Further limitations and disadvantages of conventional and traditional approaches will become apparent to one of skill in the art, through comparison of such systems with the present invention as set forth in the remainder of the present application with reference to the drawings.
FIG. 1 is a circuit diagram of a multi-port SRAM that includes a multi-port control block circuit that interfaces to a single-port SRAM; and
FIG. 2 is a timing diagram for various signals and components within the multi-port SRAM of FIG. 1.
To allow cross-referencing among the figures, like elements in the figures are provided like reference numerals.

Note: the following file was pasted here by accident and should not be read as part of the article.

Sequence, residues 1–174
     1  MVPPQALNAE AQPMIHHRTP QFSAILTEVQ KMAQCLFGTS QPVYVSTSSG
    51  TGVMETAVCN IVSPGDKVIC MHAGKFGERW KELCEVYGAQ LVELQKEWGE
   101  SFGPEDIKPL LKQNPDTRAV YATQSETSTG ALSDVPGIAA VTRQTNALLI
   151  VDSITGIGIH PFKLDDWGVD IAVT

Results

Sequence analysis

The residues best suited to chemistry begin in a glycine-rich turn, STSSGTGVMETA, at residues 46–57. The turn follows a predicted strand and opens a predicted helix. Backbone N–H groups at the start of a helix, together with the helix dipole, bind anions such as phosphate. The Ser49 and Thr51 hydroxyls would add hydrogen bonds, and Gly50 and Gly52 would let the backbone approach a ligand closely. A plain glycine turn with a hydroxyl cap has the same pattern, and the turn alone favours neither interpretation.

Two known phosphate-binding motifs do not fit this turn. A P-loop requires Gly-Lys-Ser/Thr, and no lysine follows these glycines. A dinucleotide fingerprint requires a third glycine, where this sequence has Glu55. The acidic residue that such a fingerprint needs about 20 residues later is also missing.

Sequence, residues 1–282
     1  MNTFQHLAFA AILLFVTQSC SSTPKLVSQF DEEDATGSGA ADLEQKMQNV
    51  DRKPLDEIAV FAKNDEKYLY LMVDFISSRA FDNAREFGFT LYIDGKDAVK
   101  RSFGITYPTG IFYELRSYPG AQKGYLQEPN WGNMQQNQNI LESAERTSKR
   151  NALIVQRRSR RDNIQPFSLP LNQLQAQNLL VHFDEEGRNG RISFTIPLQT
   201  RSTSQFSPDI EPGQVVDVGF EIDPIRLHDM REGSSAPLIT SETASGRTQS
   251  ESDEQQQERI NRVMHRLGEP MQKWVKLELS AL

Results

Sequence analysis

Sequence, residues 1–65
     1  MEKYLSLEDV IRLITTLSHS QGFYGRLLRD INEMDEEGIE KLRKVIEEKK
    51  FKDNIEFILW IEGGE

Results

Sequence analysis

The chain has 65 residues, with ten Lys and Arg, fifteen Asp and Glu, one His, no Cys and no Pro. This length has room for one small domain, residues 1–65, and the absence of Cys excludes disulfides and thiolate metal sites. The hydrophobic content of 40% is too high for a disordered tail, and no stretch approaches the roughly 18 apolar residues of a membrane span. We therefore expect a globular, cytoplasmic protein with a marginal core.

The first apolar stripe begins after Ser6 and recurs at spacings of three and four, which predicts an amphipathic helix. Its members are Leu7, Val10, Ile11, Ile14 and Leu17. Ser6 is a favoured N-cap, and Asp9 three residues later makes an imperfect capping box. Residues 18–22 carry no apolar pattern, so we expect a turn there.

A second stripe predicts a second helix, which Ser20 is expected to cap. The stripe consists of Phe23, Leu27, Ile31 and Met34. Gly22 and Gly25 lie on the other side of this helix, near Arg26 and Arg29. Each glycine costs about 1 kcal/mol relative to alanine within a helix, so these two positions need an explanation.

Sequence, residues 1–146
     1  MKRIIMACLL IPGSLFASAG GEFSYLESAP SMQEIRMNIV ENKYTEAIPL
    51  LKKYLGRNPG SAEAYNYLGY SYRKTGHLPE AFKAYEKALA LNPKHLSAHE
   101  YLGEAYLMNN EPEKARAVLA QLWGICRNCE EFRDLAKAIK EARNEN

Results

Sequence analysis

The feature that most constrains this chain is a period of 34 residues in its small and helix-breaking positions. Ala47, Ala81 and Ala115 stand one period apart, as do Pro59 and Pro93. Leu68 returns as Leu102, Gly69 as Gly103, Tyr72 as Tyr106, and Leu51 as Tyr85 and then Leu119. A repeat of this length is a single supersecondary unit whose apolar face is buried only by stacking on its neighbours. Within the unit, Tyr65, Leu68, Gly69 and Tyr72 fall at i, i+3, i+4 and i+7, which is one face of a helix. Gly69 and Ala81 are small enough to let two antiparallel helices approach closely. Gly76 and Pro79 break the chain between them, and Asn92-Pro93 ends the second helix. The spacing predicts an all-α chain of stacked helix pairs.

To provide a multi-port SRAM having increased density, a single-port SRAM interfaces with external circuitry through a multi-port control block circuit. The multi-port control block presents multiple input and output ports to the external world. A block diagram of an example six-transistor (6-T) multi-port SRAM 100 is illustrated in FIG. 1. A single-port SRAM 105 includes an array of conventional 6-T memory cells as known in the SRAM arts. As is also customary in the SRAM arts, SRAM 105 performs read and write operations responsive to a clock signal 110. However, SRAM 105 receives clock signal 110 from a multi-port control block circuit 115 which generates this clock signal as an internal clock 120. Unlike conventional SRAMs, SRAM 105 generates a finish signal 130 that indicates when write operations and read operations are successfully finished. For example, it is conventional for an SRAM to generate a sense command that indicates when a sense amplifier should make a bit decision during a read operation. SRAM 105 may include a delay circuit 135 that provides an adequate delay after a sense command 137 has been asserted. Similarly, delay circuit 135 will also provide a suitable delay after a write enable signal 140 is asserted during a write operation. Alternatively, separate delay circuits for the respective signals 137 and 140 may be provided. It will be appreciated that SRAM 105 is thus generating the finished signal in an asynchronous hand-shaking fashion with respect to the triggering by internal clock 120. Commonly-assigned U.S. application Ser. No. 12/031,504, the contents of which are incorporated by reference in their entirety, discloses a 6-T SRAM in one embodiment that operates in such an asynchronous fashion. This SRAM performs its read and write operations responsive to a triggering clock edge such as that provided by internal clock 120. However, internal SRAM clock 110 is reset independently from internal clock 120 depending upon when the read and write operations are finished. Such a reset may be used in place of delay circuit 135 to generate the finish signal.